From Moscow to Mumbai: Russia Pivots South for Trade


Baku: For centuries, trade with Europe was a main pillar of Russia's economy. With a sharp reduction in Western sanctions and other sanctions, the war in Ukraine ended. Russia off from european market, In response, Moscow has expanded ties with countries that are more willing to trade with it – China in the east, and, through an agreement, China. southern routeIndia and countries Persian Gulf,
That southern route has now become the focus of Russian policymakers as they try to build the infrastructure for their plans to move away from the West forever. The effort faces challenges, including questions over financing, doubts about the credibility of Russia's new partners and the threat of Western sanctions targeting countries that trade with Russia.
A key part of the southern plan is the 100-mile $1.7 billion railway Construction is scheduled to begin this year on what will be the final link on the route between Russia and Iranian ports on the Persian Gulf – providing easy access to destinations such as India's commercial capital Mumbai. Russia has agreed to provide Iran with a $1.4 billion loan to finance the project.
“Since Russia's traditional trade routes were largely blocked, it had to consider other options,” said Rauf Agamirzayev, a transportation and logistics expert based in Baku, Azerbaijan, referring to the southern route.
Russia has found a number of ways to circumvent Western trade sanctions, shipping machinery from India and weapons from Iran, as well as a host of consumer goods – often via the Gulf countries and Turkey – which the government considers important to show. The Russians are confident that it can maintain living standards in time of war.
While some consumer goods still come legally from Europe, a whole range of banned or hard-to-find goods are also widely available in Russia. Oysters from France, flown in by plane to a third location, are available in a Moscow restaurant, and Italian truffles and French Champagne, the export of which was banned by the European Union, are available in a high-end grocery store chain. Can be found.
The Russian government sees the railway project through Iran – and hopes to restore another line that would provide access to Turkey – as essential to locking up and accelerating the flow of all such imports into the country. It is also considered important to increase exports of Russian natural resources which are vital to the economy.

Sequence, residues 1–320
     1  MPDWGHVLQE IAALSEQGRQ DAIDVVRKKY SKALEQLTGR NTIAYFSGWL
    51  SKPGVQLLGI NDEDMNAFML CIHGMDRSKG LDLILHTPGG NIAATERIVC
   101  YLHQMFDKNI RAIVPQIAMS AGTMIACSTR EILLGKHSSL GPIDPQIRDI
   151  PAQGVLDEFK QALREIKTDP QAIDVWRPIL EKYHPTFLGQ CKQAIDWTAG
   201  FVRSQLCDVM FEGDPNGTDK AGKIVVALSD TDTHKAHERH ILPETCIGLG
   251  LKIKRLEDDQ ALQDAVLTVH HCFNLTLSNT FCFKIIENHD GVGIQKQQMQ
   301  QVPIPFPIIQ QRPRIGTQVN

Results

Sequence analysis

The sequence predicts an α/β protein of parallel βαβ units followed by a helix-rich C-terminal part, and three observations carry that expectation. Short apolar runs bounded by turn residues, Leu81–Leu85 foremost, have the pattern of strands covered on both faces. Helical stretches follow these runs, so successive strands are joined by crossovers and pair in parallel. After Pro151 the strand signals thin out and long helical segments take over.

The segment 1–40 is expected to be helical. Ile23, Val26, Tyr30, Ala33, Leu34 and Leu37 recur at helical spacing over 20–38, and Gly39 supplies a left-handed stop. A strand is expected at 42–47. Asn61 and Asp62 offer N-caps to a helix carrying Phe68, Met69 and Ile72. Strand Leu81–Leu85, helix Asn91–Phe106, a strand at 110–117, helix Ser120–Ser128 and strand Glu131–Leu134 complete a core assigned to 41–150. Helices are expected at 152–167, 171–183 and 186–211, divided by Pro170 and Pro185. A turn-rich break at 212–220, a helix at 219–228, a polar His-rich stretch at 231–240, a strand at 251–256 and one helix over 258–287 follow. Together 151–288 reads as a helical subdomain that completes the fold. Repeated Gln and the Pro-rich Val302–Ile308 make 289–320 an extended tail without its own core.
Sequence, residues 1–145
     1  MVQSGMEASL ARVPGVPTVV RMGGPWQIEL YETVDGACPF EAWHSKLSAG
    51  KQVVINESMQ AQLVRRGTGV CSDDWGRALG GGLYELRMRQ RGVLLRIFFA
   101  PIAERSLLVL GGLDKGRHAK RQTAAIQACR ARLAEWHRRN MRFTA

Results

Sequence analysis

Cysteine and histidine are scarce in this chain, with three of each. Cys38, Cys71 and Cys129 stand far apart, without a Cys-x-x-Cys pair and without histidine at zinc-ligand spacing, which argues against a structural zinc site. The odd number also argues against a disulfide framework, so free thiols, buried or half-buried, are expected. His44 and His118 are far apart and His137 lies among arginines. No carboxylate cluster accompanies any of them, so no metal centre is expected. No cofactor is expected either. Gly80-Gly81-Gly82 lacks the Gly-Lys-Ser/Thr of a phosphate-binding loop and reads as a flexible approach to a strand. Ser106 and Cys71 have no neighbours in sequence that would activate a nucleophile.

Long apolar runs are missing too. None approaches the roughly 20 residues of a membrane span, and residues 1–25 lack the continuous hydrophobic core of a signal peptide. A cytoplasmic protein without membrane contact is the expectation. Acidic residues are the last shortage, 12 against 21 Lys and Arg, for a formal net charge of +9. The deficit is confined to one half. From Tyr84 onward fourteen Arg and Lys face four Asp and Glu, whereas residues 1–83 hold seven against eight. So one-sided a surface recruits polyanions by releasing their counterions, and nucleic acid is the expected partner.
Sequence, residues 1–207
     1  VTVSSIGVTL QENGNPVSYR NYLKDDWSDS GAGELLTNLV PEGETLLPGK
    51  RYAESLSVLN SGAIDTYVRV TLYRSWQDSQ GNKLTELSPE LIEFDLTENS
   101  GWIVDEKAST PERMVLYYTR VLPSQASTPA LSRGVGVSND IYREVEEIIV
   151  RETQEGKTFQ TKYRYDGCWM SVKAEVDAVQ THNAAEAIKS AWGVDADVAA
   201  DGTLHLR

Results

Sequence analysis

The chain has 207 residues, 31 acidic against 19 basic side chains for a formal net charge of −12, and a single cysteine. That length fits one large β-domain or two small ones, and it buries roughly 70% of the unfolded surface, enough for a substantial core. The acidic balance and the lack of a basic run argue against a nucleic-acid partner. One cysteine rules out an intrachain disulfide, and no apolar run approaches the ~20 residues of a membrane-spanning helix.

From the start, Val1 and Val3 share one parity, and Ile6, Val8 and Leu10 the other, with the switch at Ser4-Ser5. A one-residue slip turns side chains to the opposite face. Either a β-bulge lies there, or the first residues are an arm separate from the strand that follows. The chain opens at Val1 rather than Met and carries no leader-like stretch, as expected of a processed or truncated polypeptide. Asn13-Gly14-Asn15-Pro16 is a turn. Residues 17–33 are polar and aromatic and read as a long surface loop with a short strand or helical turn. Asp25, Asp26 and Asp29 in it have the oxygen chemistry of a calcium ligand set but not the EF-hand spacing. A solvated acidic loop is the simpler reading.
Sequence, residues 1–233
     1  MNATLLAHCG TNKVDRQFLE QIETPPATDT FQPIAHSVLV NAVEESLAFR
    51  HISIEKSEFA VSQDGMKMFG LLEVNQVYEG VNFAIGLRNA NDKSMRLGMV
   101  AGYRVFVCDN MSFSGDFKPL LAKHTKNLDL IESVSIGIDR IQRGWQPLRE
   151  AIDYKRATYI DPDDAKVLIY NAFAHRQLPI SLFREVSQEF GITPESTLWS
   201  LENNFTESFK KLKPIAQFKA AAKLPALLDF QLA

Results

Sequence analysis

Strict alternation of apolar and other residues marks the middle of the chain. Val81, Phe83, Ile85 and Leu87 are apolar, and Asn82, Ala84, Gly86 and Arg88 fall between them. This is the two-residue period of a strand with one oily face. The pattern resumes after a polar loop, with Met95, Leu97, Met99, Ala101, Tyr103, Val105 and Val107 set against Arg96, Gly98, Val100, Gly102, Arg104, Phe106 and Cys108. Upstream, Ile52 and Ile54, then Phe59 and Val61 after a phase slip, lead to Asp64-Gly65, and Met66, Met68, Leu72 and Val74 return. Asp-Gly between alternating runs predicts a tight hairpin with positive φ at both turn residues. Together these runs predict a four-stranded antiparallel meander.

Russian President Vladimir Putin has said that the travel time for cargo from St. Petersburg to Mumbai through the new route will now reduce from 30 to just 10 days. Russian officials are calling it a “successful revolutionary project” that will compete with the Suez Canal.
It will also complement Russia's trade routes to China, its largest trading partner, as they reach over-capacity. Russia's trade with China has increased by nearly 63% since 2021, just before the full-scale invasion of Ukraine in February 2022, according to Chinese data, to more than $240 billion in 2023.
Trade with India is also growing, reaching $65 billion, more than four times in 2021. Russia's trade with the two countries surpassed its pre-war trade with the EU in 2023, amounting to $282 billion in 2021.
The new railway will connect two Iranian cities, Astara and Rasht, to tracks between Iran and Azerbaijan in the north, and then connect to the Russian railway grid. When finished – the new link is expected to be completed in 2028 – the resulting “North-South Transport Corridor” will stretch unbroken for more than 4,300 miles, beyond the reach of Western sanctions.
From Iranian facilities on the Persian Gulf, Russian traders will have easy access to India as well as destinations in Saudi Arabia, UAE, Pakistan and beyond.
A trade route through the Caucasus and Central Asia and the Caspian Sea to Iran has already been important to Russia in recent months, according to Lloyd's List, which specializes in maritime news and intelligence. Russia is also shipping oil and products such as coking coal and fertilizers in the opposite direction.